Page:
How to Succeed with Self-Service Analytics, Part II: Know Thy Customer

How to Succeed with Self-Service Analytics, Part II: Know Thy Customer

Read - How to Succeed with Self-Service Analytics, Part I: Pitfalls and Paradoxes

Although self-service analytics sounds like a win-win proposition, most projects go awry due to unexpected complexities, paradoxes, and misconceptions. That is what we learned in part one of this series. This article explores a fundamental tenet of self-service analytics: know thy customer. 

Most companies think that the essence of self-service analytics is a tool. That’s because software vendors do a great job of equating self-service with their products. Although tools can empower business users, they don’t produce positive results if they aren’t tailored to each individual, their role, behavior, and preferences. 

The dirty little secret of self-service analytics is that one size doesn’t fit all.

The dirty little secret of self-service analytics is that one size doesn’t fit all. There are as many types of self-service as there are individuals in an organization. An old-school executive who reads printouts of Excel reports might think self-service is viewing an online dashboard; a business manager might think it’s the ability to modify a report or dashboard with a point-and-click interface; a data analyst thinks it’s the ability to create data sets and dashboards without IT assistance. 

Classification. To succeed with self-service analytics, it’s imperative to create an inventory of business users and classify them into groups. This classification scheme becomes the basis for how you configure data sets, analytical tools, and data access permissions. It also informs how you organize your data analytics team and design your data architecture. Knowing and classifying your users is a critical first step toward self-service success.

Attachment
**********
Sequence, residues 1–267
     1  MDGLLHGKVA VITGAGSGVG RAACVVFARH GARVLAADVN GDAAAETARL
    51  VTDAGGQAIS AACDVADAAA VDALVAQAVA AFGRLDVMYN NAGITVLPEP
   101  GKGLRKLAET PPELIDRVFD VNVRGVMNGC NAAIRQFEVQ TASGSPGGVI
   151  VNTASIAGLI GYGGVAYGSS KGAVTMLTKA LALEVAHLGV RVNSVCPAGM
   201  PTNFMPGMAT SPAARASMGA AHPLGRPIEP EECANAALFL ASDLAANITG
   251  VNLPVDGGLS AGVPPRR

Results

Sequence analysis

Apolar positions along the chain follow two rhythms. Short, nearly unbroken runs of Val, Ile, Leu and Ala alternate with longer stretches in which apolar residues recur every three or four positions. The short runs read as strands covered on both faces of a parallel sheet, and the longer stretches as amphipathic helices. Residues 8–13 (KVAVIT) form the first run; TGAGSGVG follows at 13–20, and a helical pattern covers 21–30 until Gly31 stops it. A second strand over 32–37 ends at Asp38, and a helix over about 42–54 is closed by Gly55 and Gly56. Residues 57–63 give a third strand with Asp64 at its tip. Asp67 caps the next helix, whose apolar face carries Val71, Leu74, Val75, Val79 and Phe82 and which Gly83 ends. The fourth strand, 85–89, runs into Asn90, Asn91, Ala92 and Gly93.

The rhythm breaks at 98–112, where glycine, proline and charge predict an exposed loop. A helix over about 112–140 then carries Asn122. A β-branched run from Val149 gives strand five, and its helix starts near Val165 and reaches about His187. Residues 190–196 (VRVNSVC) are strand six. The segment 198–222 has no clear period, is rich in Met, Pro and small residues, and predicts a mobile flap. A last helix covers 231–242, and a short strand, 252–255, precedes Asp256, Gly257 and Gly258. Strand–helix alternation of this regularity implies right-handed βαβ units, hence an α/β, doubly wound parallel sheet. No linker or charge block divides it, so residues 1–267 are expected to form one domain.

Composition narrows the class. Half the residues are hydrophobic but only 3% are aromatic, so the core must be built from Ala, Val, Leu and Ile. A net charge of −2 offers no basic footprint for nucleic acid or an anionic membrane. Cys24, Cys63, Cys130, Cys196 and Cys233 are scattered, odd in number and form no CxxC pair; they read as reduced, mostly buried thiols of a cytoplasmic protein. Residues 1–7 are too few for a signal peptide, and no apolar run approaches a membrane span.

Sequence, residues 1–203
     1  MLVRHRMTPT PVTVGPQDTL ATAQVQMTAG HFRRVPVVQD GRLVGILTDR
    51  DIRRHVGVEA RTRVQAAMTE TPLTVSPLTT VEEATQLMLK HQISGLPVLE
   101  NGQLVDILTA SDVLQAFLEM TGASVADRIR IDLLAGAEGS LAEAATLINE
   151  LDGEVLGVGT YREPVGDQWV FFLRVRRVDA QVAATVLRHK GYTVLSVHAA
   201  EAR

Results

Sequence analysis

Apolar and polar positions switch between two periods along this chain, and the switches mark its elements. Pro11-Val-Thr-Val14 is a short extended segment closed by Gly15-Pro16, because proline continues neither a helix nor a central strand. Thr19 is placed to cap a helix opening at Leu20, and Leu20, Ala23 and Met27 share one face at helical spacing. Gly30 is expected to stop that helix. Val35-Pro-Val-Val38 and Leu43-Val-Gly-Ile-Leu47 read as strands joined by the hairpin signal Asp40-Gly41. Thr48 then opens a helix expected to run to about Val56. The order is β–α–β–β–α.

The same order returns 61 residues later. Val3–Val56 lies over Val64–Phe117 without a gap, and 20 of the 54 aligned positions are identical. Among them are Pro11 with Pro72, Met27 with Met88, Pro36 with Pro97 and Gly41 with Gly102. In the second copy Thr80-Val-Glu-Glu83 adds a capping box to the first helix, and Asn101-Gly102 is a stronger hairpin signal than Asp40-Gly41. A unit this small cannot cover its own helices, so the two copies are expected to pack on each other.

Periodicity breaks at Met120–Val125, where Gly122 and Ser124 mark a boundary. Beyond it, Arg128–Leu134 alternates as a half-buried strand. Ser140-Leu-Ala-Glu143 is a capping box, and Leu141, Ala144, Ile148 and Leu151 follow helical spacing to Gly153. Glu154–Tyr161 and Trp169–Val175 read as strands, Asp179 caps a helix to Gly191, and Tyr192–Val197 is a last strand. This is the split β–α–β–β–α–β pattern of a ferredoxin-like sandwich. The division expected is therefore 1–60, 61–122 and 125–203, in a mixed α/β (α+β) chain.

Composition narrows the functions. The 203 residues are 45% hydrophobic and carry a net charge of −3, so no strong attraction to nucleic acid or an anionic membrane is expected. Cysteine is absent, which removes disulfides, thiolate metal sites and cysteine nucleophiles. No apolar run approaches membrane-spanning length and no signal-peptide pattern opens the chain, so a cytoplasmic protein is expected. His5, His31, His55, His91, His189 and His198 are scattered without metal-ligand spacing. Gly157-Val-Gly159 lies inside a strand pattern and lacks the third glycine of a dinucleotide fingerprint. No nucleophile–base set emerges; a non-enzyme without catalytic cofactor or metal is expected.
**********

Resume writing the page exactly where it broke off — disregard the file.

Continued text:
Where to Start?  

When we work with consulting clients, we request three things: a current schematic of the data architecture, an organization chart that identifies data analysts and their managers in each division and department; and a user classification scheme. If lucky, we might get a printout of current data architecture, and sometimes we get a data analytics org chart, but we never get a user classification scheme. 

How can you serve people if you don’t know who they are or don’t even know if they exist?

How can you serve people if you don’t know who they are or don’t even know if they exist? With consulting clients, I’ve spent an entire day at a whiteboard mapping out who produces data artifacts in every department of an organization. We usually never finish. My underlying message is: “Get out there and meet these people--they are your customers!” Moreover, these data producers also happen to your most endearing advocates or zealous critics—they can either make or break your data analytics program. 

Classifying Users. As a shortcut, Eckerson Group offers a classification scheme that has proven to reflect user demographics at most organizations. It divides users into two categories based on whether they consume or produce information: casual users and power users. It divides each camp into two categories: casual users consist of “data consumers” and “data explorers” while power users consist of “data analysts” and “data scientists”. (See figure 1.) 

Figure 1. Eckerson Group’s User Classification Scheme 

Casual Users. Data Consumers are casual users who consume reports and dashboards as is without modification. They generally represent about 60% of all data users. Data Explorers, on the other hand, are casual users who occasionally want to modify reports or dashboards to create a new view of existing data. Data Explorers represent about 30% of all data users.